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Education Reporter

Education Briefs 
A homeschooler won the 2003 National Geography Bee, the second straight year a home-educated student has taken top honors and the first prize of a $25,000 college scholarship. James Williams, a 14-year-old from Vancouver, WA, correctly answered "Portugal" to the deciding question: "Goa, a state in southwestern India, belonged to which country until 1961?" James' parents said they decided to homeschool their children before they were born because they wanted to "make learning a lifestyle rather than something you have to do." A 13-year-old magnet school student from Nashville, TN, placed second in the bee and won a $15,000 scholarship, and a private-school student from Hubertus, WI, took third place and a $10,000 scholarship.

An Indiana principal sets a double standard for absenteeism. Principal Ed Mendoza of Westfield Middle School refused to excuse 8th-grader Brianna Tull's absence last month when she sang with the Indianapolis Children's Choir during an appearance by President Bush. The Mexican-born school chief sang a different tune 18 months ago, however, when he excused Hispanic students to attend an Indiana University event where he was the keynote speaker. "We need to have opportunities for Hispanic students to see people and leaders who have been through the process and can show them a college education is a possibility," he was quoted as saying at the time. Some parents and citizens are irate over the incident and are calling for an investigation.

Fingerprinting for food? Students in the Akron, OH, public school district will be identified in school lunch lines by placing their fingers on a scanner. After the board voted to spend $700,000 on the scanning system, one angry school board member told an Akron newspaper that many parents were furious that their children would be fingerprinted before they could "buy a cookie or a carton of milk." Children whose parents oppose the fingerprinting will reportedly be issued identification cards instead.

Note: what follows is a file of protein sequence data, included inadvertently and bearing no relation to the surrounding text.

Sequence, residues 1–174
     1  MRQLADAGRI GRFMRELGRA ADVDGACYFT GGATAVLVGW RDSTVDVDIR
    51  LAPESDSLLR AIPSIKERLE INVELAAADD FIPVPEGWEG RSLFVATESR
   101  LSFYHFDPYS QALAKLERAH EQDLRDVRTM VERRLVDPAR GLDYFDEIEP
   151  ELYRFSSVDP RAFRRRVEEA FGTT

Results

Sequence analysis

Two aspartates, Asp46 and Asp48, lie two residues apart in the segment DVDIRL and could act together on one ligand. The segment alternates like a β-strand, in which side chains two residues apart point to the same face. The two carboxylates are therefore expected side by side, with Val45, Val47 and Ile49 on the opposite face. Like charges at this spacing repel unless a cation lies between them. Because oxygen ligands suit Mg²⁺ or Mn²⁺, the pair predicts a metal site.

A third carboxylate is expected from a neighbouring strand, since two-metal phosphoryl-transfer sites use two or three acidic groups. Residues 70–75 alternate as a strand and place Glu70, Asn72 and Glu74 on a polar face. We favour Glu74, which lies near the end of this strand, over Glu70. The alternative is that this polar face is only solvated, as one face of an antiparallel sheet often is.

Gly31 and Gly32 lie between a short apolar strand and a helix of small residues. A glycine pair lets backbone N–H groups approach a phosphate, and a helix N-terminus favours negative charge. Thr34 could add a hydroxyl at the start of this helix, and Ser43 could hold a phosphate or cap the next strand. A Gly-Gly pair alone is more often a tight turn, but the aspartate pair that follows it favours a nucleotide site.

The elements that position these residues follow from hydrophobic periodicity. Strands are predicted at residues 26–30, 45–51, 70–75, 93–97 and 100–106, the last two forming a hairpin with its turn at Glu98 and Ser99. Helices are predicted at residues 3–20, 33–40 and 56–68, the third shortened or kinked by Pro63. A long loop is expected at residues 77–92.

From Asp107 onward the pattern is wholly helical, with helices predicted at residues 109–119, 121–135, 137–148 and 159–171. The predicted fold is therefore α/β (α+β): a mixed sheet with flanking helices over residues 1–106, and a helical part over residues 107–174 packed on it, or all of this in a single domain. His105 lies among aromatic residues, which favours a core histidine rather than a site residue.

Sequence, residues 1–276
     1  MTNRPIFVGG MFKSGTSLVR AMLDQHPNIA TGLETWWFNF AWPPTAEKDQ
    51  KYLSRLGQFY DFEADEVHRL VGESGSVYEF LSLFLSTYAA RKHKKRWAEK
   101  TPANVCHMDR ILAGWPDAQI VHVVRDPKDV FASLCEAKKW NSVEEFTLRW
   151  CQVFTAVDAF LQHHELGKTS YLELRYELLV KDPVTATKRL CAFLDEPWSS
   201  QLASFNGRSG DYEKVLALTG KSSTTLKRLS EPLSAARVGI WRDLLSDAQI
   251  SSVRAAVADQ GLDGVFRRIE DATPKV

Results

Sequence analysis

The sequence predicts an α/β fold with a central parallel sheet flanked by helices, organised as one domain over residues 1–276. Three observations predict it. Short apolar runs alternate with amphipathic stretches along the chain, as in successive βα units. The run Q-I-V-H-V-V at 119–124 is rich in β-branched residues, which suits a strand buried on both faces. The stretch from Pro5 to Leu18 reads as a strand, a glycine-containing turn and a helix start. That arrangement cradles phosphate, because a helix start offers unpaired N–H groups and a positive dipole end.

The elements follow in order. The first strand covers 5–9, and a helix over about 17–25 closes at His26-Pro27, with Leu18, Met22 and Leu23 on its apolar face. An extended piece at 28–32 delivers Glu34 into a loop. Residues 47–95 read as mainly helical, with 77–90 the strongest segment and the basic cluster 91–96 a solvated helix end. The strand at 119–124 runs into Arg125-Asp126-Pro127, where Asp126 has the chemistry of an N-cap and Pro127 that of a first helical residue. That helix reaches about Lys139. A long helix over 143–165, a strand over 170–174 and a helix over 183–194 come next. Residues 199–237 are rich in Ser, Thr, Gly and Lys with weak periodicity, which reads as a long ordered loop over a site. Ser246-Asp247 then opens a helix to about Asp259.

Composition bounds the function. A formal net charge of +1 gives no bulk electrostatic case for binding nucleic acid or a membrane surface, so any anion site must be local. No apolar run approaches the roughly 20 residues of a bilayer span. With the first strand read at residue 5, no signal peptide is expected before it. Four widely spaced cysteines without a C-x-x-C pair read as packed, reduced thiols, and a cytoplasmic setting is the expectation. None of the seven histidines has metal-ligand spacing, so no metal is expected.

Preschool Prestige: Wealthy parents hire consultants to place their toddlers in 'Baby Ivy' preschools. Consultant Amanda Uhry told the New York Times (5-28-03) she earns a seven-figure salary plotting strategy to enroll the children of well-heeled working parents into New York City's top nursery schools, which can cost up to $17,000 per year. These schools have hundreds of children on waiting lists and preschool directors who, when the time comes, write 12-page recommendations to help their charges obtain slots in the most sought-after kindergartens. Ms. Uhry described ambitious parents who insist that their tykes attend only preschools on the most prestigious "short list," and when they can't get them in, ask, "What did I do wrong?" or "Why is my kid a loser?"

April 2003 Education Reporter
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Education Reporter is published monthly by Eagle Forum Education & Legal Defense Fund with editorial offices at 7800 Bonhomme Ave., St. Louis, MO 63105, (314) 721-1213. The views expressed in this newsletter are those of the persons quoted and should not be attributed to Eagle Forum Education & Legal Defense Fund. Annual subscription $25. Back issues available at $2.
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